Each year, the Scholastic Arts and Writing Awards honor the vision, ingenuity, and talent of the nation’s youth, and provide opportunities for creative teens to be celebrated. This year, a record twelve George School students were awarded thirteen Gold Keys for various works in writing and arts. Only 5 percent of the 1,100 entries received Gold Keys this year.
“We have some really talented writers at George School,” said Colette Weber, English Department Head. “It is wonderful to see them getting recognized in the outside world.”
“Our students work tirelessly in their respective studios to refine techniques and skills,” said Director of Visual Arts and Design, Danielle Picard-Sheehan. “Each student recognized with a Scholastic Arts Award should be very proud. I am grateful to my colleagues for their dedication to their students and for keeping expression and creative thinking a keystone of our community.” See the slideshow below for the award-winning student work.
George School’s success in the competition has grown over the past few years, indicating that our students are among the top in the nation in arts and writing.
Gold Key Scholastic Writing Award winners are Ryan Bencivengo ’21, Miranda Dobkin ’21, Carol Lu ’21, Jiayi Luo ’20 (2), Divya Papaiya ’21, Finn Pollard ’21, Diana Savchyn ’21, Zachary Somogyi ’20, and Aqua Withers ’21. Silver Key Award winners are Jiaao Bao ’21, Arran Goldman ’21, Jiayi Luo ’20 (2), Ada Rose Wagner ’21, Shelby Williams ’21, Ellen Zhang ’21, and Darwin Zhou ’23. Winners of the Honorable Mention Award are Carol Lu ’21, Frederic Perera ’21, Aniketh Phalcomepely ’21, Sahib Singh ’21, and Shelby Williams ’21 (2).
Gold Key Scholastic Arts Award winners are Morris Chang ’21, Phoebe Day ’20, and Ethan Hidalgo ’20. Silver Key Award winners are Michaeo Ruzzi ’20, Kairo Morton ’20, Praveen Rodrigo ’20, Janaia Madden ’20, and Dixie Hurst-Blair ’20. Winners of the Honorable Mention Award are Justin Liu ’23, Morris Chang ’21, Arran Goldman ’21, Zachary Somogyi ’20, Annika Crawford ’22, Celeste Huang-Menders ’22, and Bella Stewart ’21.
“I am thrilled about the success of these awards for our students,” said teacher Melaina Young ’93. “These awards are a testament to our student’s creativity, courage, and dedication. It takes many hours of work to revise one’s writing for publication and courage to put that work out there for the world to see.”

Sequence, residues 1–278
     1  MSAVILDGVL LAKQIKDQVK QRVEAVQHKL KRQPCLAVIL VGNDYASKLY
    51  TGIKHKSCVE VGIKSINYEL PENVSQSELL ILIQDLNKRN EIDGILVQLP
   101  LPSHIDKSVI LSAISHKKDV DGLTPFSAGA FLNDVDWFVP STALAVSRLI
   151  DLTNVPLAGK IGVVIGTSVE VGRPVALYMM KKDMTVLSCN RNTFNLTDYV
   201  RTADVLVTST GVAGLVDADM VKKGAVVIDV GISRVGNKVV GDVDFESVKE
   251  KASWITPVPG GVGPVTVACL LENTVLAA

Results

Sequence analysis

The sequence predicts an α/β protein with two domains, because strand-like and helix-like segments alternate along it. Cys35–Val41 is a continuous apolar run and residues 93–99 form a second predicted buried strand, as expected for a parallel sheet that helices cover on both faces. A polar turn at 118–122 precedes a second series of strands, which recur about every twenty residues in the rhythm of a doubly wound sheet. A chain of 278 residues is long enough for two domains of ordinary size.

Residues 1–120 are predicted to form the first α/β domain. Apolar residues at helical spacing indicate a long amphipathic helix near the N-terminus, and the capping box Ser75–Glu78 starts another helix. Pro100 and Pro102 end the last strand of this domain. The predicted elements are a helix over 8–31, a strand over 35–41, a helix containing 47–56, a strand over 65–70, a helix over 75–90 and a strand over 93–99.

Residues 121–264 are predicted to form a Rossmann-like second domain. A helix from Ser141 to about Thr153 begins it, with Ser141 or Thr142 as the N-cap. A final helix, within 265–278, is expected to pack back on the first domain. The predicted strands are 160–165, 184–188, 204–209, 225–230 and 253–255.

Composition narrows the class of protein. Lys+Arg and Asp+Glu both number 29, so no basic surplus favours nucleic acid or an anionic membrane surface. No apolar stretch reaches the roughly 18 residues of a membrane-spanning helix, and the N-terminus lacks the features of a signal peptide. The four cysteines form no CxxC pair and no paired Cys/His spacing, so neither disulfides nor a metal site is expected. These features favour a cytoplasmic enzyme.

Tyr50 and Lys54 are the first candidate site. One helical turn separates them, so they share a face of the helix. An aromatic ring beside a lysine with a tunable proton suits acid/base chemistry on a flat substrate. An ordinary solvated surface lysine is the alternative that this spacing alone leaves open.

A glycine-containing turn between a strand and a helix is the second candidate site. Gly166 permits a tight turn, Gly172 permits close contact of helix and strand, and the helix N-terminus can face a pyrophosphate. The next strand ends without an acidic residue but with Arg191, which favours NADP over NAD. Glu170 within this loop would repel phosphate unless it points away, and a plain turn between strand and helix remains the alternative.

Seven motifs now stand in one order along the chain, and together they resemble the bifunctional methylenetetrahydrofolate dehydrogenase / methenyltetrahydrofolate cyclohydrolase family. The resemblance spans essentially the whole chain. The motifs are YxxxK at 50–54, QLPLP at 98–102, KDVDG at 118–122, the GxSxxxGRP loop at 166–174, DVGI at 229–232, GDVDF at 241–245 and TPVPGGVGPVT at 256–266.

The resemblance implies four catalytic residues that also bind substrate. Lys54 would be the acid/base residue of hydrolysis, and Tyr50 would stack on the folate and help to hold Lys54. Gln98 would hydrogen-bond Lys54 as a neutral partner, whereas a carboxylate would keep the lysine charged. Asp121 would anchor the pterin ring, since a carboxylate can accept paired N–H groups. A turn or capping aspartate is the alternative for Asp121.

Fourteen of the students that received awards in the writing competition developed their pieces from an IB HL English class unit on Gothic short stories. “We read classic Gothic fiction writers such as Edgar Allen Poe, and modern Gothic fiction writers such as Joyce Carol Oates,” said Melaina. “We considered how modern writers might touch on Gothic themes in literature. Students were then challenged to devise their own Gothic tales. Once they created their story, students blindly read their peers’ stories in the class and came up with a “best in class.” We revealed the writers’ identities at the end. It is wonderful for these young writers to get affirmation from their peers in this way.”
“Three of the winning photographs were printed using a hand-applied Van Dyke Brown emulsion. It produced a lovely brown tone and added to the nostalgia of their work,” said Danielle. “The silver gelatin photo reflects an elegant use of light and detail. The black and white image created in Digital Imaging & Design is a wonderful juxtaposition of lines and light in a photograph of a staircase.”
“George School Woodworking and design students design and build original furniture that is thoughtful, ergonomic, beautiful, and sustainable,” said Carter Sio ’76, Woodworking and Design teacher. “The furniture selected by the Scholastic judges demonstrate both the skills the students have learned and the aesthetic they are developing in their furniture making.”
“In their works, our students have explored the use of oil painting and have developed their technique and style in this time-honored medium,” said Painting and Drawing teacher Jo Adachi. “I am both excited and proud to see young painters masterfully manipulate oil paints and grow as artists.”
Ceramics and Sculpture teacher Amedeo Salamoni adds, “There is nothing more thrilling as an educator than to see your students’ continued growth in craftmanship and their dedicated work towards mastery. Three of the works selected by the Scholastic Key judges were fired in our wood-fired kiln on campus and the depth and richness of their glazes highlights their creative and expert work. The large jug was fired in a traditional kiln and embodies the simplicity of form and balance.”
The Scholastic Art & Writing Awards are presented by the Alliance for Young Artists & Writers. Students’ submissions are blindly adjudicated by some of the foremost leaders in the visual and literary arts. After the initial competition, Gold Key works are judged nationally by an impressive panel of creative–industry experts to receive National Medals. National Medalists are recognized in part at the National Ceremony at Carnegie Hall in New York City.